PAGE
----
SOUTHAMPTON, N.Y. – For years, the U.S. Open was the only one of golf's four major championships that would be extended into Monday in the event of a tie after 72 holes, with an 18-hole playoff conducted to determine a winner.
However, after much debate, and a large amount of criticism that the U.S. Golf Association's other stroke-play championships – the U.S. Women's Open and the U.S. Senior Open – finished on Sunday with shorter playoffs to break the tie, golf's ruling body changed the rules last February for the U.S. Open.
The 118th U.S. Open championship at Shinnecock Hills Golf Club now will be decided, in the event of a tie after the final round, with a two-hole aggregate-score playoff covering the course's 180-yard, par-3 17th hole and the 485-yard, par-4 18th hole.
Mike Davis, the USGA's chief executive officer, said Monday that the association talked to the event's stakeholders – players, fans, television partners and vendors – and determined that "people wanted the U.S. Open to finish Sunday," adding, "wouldn't say it was unanimous.
"I would tell you," Davis said at the Open's championship preview, "that sitting up here sometimes when somebody raises their hand and says, 'Can you explain why the U.S. Women's Open, the biggest, most important event in women's golf on the planet, [decides] your ties by three holes aggregate there, but you do an 18-hole [playoff] at the U.S. Open?' Pretty hard to answer that question."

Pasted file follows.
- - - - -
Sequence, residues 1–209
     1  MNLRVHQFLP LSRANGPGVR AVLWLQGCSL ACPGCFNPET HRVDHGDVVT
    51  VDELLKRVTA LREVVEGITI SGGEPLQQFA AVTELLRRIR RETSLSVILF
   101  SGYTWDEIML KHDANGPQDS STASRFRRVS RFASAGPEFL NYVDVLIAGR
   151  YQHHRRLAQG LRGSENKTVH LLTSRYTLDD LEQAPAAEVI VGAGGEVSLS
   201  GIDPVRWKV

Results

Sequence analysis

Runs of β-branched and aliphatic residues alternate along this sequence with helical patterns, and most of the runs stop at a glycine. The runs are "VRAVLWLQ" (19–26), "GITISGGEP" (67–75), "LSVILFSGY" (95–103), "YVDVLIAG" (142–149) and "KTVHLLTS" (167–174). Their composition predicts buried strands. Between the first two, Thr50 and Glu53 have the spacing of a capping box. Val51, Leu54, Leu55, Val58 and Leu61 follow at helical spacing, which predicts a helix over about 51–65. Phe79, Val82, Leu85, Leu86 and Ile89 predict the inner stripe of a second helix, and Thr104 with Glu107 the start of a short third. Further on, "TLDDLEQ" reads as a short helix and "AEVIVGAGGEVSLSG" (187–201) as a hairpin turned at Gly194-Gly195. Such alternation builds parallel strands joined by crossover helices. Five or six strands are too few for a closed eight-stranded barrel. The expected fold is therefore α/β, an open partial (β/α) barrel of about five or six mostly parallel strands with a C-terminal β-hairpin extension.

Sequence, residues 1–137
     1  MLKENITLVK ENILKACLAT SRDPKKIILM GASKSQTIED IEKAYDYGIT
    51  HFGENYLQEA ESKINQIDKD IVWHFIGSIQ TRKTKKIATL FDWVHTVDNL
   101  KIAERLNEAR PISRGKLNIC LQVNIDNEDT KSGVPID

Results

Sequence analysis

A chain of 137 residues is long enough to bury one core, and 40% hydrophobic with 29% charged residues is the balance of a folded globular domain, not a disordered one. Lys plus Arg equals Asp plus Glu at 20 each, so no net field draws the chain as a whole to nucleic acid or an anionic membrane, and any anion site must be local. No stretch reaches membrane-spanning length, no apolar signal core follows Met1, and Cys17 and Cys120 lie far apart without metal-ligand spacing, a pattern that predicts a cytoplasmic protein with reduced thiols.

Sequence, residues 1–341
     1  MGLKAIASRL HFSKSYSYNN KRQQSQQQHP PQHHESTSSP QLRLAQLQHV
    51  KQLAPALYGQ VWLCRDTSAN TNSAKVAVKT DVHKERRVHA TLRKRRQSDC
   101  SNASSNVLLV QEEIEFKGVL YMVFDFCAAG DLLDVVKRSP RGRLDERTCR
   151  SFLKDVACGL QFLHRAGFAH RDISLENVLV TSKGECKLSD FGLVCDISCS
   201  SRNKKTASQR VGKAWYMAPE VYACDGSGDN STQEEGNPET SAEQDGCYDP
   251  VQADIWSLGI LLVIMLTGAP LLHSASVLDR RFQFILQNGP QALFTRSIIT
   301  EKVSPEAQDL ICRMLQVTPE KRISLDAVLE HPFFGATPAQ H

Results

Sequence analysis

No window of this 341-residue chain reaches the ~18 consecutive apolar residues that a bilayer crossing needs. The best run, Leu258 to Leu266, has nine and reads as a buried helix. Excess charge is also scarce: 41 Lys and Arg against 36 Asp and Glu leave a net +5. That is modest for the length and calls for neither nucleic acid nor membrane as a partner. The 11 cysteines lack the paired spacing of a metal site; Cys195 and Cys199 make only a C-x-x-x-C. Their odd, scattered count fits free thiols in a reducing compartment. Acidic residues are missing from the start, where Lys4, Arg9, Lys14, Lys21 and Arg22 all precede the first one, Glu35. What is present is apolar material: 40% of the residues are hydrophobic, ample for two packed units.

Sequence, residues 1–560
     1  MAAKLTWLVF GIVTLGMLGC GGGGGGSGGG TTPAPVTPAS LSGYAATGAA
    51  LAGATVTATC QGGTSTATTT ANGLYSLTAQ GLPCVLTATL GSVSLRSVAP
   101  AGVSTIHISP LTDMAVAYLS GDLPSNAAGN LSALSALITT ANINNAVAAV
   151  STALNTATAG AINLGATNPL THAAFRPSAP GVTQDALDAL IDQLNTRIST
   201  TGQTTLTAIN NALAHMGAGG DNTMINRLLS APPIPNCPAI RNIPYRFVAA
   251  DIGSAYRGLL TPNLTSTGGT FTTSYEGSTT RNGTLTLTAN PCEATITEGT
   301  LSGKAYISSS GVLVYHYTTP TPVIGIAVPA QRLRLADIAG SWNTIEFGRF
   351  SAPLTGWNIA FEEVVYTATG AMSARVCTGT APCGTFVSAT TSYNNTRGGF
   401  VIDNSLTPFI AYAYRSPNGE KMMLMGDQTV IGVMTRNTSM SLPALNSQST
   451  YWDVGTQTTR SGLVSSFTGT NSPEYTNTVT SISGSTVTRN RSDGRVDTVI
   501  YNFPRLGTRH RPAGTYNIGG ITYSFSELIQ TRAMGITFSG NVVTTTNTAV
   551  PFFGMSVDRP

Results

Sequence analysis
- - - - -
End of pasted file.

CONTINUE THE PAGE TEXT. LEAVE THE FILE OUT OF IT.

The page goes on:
Davis said a number of playoff possibilities were discussed, including sudden death or a three-hole playoff or four-hole playoff decided by total score. He said the Senior Open once had a four-hole playoff but that it seemed "to take a little too much time, and sometimes it got to the last hole and it was already over."
But the USGA decided to implement a two-hole playoff effective this year for all four of its stroke-play championships: the U.S. Open, the U.S. Women's Open, the U.S. Senior Open and the inaugural U.S. Senior Women's Open.
"So we thought that by having two holes, that there would be more excitement but it wouldn't necessarily be one shot and over," Davis said.
The last 18-hole playoff in the U.S. Open came in 2008 when Tiger Woods, playing with a torn anterior cruciate ligament in his left knee and two stress fractures of the left tibia, defeated Rocco Mediate at Torrey Pines near San Diego. That playoff was extended one sudden-death hole after the two players remained tied after 18.
The Open will welcome back Woods this year for the first time since 2015. It will be his 20th U.S. Open competition, fourth-most among those in the field. Three of his 14 major championships have come at the U.S. Open.